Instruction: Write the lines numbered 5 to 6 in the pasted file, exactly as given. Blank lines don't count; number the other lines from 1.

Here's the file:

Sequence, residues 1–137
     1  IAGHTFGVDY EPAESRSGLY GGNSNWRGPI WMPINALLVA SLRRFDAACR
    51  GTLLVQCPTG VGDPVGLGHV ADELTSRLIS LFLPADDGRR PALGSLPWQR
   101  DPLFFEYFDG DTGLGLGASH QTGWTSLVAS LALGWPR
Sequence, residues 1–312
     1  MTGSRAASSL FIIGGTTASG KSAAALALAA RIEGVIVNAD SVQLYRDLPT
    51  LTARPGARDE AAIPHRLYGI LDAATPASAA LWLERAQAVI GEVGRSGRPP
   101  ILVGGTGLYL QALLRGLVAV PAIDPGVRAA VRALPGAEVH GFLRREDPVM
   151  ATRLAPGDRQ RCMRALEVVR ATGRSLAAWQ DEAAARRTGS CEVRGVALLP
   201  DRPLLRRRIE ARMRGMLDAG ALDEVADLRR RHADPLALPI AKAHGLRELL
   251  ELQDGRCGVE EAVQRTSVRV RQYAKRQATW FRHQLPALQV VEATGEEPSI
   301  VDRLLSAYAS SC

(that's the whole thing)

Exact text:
Sequence, residues 1–312
     1  MTGSRAASSL FIIGGTTASG KSAAALALAA RIEGVIVNAD SVQLYRDLPT